Published Online February 24, 2016
Neurobiology of Disease

Research into the developing forebrain of mice shows for the first time that loss of proper cholesterol biosynthetic enzyme function can alter the very fate of the neural cell.

The study follows up on previous research in which the team reported that a mutation in hydroxysteroid (17-beta) dehydrogen-ase 7 (Hsd17b7) resulted in “striking” embryonic forebrain congenital malformations.

This study adds several new observations. Evidence suggests mutant cells undergo abnormal interkinetic nuclear migration. Intermediate progenitors increase at the expense of apical progenitors. Also, an in vitro primary neuron culture supports the team’s model of accelerated cortical differentiation in the mutant.

The findings show how much neural cells rely on proper enzyme function to keep brain development on course.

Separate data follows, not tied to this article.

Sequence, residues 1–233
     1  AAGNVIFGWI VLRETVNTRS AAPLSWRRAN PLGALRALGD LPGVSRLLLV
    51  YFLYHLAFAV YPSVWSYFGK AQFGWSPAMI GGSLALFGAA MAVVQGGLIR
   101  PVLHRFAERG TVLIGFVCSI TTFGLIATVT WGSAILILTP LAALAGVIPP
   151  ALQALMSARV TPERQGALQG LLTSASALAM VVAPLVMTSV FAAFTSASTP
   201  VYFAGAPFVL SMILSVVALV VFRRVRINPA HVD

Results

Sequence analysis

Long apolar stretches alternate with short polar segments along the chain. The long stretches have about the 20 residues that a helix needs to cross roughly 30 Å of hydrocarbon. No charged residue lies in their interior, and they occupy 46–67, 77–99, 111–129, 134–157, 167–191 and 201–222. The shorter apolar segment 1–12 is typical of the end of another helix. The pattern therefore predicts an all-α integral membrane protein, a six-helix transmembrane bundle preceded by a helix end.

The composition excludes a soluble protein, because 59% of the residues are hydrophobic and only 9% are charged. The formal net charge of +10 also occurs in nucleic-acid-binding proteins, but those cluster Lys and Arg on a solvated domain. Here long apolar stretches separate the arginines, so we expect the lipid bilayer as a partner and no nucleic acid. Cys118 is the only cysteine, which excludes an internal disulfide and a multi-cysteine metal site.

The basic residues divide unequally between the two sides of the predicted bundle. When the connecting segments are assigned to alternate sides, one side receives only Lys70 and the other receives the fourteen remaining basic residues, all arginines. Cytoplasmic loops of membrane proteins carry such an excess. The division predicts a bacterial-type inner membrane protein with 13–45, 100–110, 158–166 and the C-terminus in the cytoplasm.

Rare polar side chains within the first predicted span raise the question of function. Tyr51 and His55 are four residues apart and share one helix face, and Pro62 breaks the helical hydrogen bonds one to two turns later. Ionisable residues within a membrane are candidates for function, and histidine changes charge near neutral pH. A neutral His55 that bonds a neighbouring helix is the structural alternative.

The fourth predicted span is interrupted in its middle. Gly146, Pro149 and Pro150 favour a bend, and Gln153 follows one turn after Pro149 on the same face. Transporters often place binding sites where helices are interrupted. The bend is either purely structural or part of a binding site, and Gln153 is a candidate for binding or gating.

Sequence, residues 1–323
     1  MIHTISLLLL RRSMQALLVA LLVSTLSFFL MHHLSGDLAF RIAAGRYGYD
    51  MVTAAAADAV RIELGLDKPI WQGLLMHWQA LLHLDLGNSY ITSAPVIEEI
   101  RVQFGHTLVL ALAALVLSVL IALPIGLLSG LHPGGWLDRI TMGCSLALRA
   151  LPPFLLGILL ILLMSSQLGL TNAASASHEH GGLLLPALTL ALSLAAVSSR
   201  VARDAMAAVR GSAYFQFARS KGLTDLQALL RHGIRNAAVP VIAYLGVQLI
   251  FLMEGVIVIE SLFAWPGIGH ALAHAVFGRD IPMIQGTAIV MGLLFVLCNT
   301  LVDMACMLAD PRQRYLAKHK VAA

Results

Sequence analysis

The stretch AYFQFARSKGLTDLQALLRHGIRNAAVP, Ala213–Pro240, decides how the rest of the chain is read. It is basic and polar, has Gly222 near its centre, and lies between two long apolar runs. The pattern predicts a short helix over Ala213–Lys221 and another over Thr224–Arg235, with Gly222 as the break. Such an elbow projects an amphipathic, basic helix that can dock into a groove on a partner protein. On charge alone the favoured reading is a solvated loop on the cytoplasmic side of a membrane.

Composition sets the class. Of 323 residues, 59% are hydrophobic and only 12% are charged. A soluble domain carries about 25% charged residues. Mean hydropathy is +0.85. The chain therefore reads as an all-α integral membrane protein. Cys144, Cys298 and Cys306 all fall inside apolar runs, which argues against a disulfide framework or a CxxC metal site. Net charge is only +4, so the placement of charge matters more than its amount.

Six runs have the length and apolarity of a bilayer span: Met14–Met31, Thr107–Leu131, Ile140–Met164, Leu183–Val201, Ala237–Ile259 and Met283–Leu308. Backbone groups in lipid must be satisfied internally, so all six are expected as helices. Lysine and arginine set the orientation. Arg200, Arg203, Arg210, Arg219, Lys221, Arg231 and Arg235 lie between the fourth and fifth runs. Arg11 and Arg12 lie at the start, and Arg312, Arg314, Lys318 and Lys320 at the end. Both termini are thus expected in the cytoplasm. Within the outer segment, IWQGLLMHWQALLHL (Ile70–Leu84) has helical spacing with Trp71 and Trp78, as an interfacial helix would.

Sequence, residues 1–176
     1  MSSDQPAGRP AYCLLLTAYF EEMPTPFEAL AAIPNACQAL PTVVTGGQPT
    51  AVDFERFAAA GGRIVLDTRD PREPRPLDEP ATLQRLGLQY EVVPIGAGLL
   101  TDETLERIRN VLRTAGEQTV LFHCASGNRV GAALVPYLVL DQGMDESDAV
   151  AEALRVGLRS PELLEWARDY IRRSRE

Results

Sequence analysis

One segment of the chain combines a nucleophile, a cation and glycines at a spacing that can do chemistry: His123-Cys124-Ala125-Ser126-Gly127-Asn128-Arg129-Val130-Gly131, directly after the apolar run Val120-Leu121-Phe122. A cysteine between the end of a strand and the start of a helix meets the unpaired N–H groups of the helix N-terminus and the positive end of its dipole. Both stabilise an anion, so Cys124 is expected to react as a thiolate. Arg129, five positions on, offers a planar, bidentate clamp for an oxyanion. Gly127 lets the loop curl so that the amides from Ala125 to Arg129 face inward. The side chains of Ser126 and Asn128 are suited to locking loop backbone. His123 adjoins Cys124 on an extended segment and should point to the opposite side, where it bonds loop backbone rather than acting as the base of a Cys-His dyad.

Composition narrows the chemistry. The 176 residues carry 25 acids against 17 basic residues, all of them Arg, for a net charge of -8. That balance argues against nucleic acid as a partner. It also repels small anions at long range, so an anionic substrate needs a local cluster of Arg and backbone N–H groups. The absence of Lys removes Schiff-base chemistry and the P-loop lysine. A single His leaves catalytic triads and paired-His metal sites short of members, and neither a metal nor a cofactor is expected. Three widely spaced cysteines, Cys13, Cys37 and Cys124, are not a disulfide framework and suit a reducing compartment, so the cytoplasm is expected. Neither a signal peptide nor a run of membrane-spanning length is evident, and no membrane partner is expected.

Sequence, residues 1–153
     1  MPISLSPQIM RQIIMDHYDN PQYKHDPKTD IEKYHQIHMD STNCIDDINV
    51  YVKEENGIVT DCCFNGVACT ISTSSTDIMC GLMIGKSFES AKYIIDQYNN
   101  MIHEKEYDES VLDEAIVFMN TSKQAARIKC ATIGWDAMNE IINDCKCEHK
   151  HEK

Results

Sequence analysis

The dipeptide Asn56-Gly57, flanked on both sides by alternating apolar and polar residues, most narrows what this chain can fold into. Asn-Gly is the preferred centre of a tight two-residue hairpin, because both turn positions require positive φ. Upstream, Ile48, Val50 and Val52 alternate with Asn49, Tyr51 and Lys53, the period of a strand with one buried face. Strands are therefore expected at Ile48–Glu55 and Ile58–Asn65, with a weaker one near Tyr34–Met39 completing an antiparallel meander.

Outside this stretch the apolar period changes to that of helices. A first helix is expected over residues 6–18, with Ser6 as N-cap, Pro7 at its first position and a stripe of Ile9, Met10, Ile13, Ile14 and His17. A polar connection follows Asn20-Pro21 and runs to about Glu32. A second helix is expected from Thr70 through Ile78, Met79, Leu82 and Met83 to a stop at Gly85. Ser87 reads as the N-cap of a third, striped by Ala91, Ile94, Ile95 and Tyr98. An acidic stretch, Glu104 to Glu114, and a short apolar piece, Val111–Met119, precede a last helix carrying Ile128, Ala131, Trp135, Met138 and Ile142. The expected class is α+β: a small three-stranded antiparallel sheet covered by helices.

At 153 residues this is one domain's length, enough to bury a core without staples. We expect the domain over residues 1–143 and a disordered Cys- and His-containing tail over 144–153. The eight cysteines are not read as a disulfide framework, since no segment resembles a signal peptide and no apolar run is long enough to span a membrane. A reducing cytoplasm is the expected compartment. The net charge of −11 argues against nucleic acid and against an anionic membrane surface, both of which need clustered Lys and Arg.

“Specifically, neural stem cells in the brain of mutant embryos are differentiating into mature neurons at a rate significantly faster than in normal developing brains,” says senior author Rolf Stottmann, PhD.

As a result, the embryos were unable to maintain critical stem cell populations and exhibited dramatic reductions in brain cell formation.

The team, led by first author Ashley Driver, PhD, also reported early steps toward a potential treatment. In utero administration of statins and dietary cholesterol produced partial rescue of brain development.

“This is a nice demonstration,” Stottmann says, “of the power of forward genetics in the mouse to identify new genes and go on to uncover fundamental mechanisms of mammalian development and disease."

Next, the team plans to study how enzyme synthesis malfunctions might affect other congenital malformations.